Thursday, September 28, 2017

The Lego Ninjago Movie Adoption Movie Review

Ninjago, a city built of and populated by Lego blocks and figures, is constantly under attack by the evil Lord Garmadon. Garmadon’s son, Lloyd Garmadon, is a high school student who is mocked and scorned by his classmates and his community because his absent father poses a constant threat to the city. His peers do not know that Lloyd is a member of the Secret Ninja Force, which regularly defeats Garmadon.

In an attempt to defeat Garmadon, and perhaps fueled by the pain of his father not even remembering his birthday, Lloyd uses a forbidden weapon which endangers the whole of Ninjago by summoning Meowthra. Now, Lloyd, his evil father, and the rest of the Secret Ninja Force, must work together to find an even stronger weapon. Lloyd and the Ninjas intend to use the stronger weapon to restore peace and safety to Ninjago – but can Lord Garmadon be trusted?


The Adoption Connection

There is no mention of adoption, but there are some aspects that could be relevant to people touched by adoption. Lloyd is separated from his father. The whole community views Lloyd’s father as a villain, and they also treat Lloyd unkindly because of who his father is (a popular song has the lyrics, “Boo Lloyd. His dad is bad and so is he.” Lloyd feels continually rejected by his father, who does not remember Lloyd’s birthday. Lloyd’s father hasn’t seen Lloyd since Lloyd was a baby, and does not recognize the teenage Lloyd, cluelessly saying, “my son is bald and has no teeth.” Lloyd’s father initially explains that he left Lloyd because babies aren’t good for anything. Later, the truth comes out; Lloyd’s father explains that he abandoned Lloyd and his mother because he couldn’t change his villainous ways; he offers to have Lloyd work alongside him in villainy, but Lloyd refuses. Lloyd’s father responds in anger by locking him in a collapsing castle. Eventually, Lloyd is able to forgive his father, and his father moves back in with Lloyd and Lloyd’s mother.

Strong Points

Lloyd’s mother continues to encourage him to not be ashamed of his parentage.

Lloyd’s paternal uncle is a positive, encouraging role model to Lloyd.

There is a cute scene when Lord Garmadon teaches Lloyd how to throw.

Lloyd and his father do reconcile. Lloyd expresses, “I forgive you and I’m sorry for when I said I wish you weren’t my father. I didn’t mean it. Instead I wish we didn’t fight all the time.” Lloyd also acknowledges that his mother has always cared or him, and he apologizes for taking his mother for granted.

Lloyd makes an insightful realization, “I connect my family whether we’re together or not.” He also reflects on his father’s villainy, “My dad is bad, but we’re still family.”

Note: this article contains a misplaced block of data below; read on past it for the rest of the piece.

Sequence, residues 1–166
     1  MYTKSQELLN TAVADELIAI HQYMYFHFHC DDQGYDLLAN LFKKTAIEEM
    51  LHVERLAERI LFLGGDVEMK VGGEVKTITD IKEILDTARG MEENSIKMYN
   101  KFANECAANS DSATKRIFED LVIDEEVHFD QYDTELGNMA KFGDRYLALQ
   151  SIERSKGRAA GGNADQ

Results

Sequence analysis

The film captures that high school kids can be pretty mean to each other. Lloyd’s shame, pain, anger, and sense of loss towards his father could be hard for kids who have a distant or absent father, but could also be good invitations to conversation. Lloyd ultimately reconciles with and forgives his father; this could mirror the wishes of kids who’ve lost contact with their fathers which could be a painful reminder of what has not come true for some kids, but could be a helpful picture of resolution for others.  

Kids who are grieving a sense of abandonment, or who blame themselves for not being with their birthfamilies, may have a hard time with Lord Garmadon’s initial explanation of why he left his son, which basically blames Lloyd for being a baby. At one point, Garmadon asks, “How could I ruin your life? I wasn’t even there!” Lloyd responds, “I wish you weren’t my father.”

When Lloyd’s angered use of the forbidden weapon endangers the city, the other Ninjas seem to turn against him, saying, “We were the only people who didn’t hate you. Now we hate you.”

At one point, it looks like Lloyd and his father will be thrown into a volcano by an angry mob. Later it briefly seems that Lord Garmadon has died.

Even late in the movie, Lloyd’s father attempts to abandon him. I am grateful that they do reconcile by the end of the film.


The Lego Ninjago Movie is most likely to be appreciated by kids and tweens. There are some scenes that could be difficult for kids with abandonment issues or unresolved feelings towards an absent father. For those kids, some scenes could be sad or perhaps even triggering, and although the issues are later resolved pretty well, the scenes that could cause problems come quite a bit earlier in the film – Lord Garmadon’s last attempt at abandoning Lloyd comes after they’ve bonded to some extent, so it seems particularly sinister and painful. For kids who aren’t bothered by these aspects of the film, it is a fun, mostly light-hearted story of someone who makes peace with his parentage, acts bravely, is supported all along by some friends and family, and who ultimately forgives and reconciles with an estranged father. It should be OK for kids ages 6 and up, as long as the concerns I’ve raised don’t push the film outside of your family’s comfort level.  

Questions for Discussion

Whose fault was it that Lord Garmadon wasn’t involved in Lloyd’s life? (This is a good opportunity to affirm to kids that the losses they’ve experienced aren’t their fault.)

Why did Lloyd forgive Lord Garmadon? How did he forgive him? How do you think that will change their relationship?

Who in Lloyd’s family was supportive all along? Who supports you?

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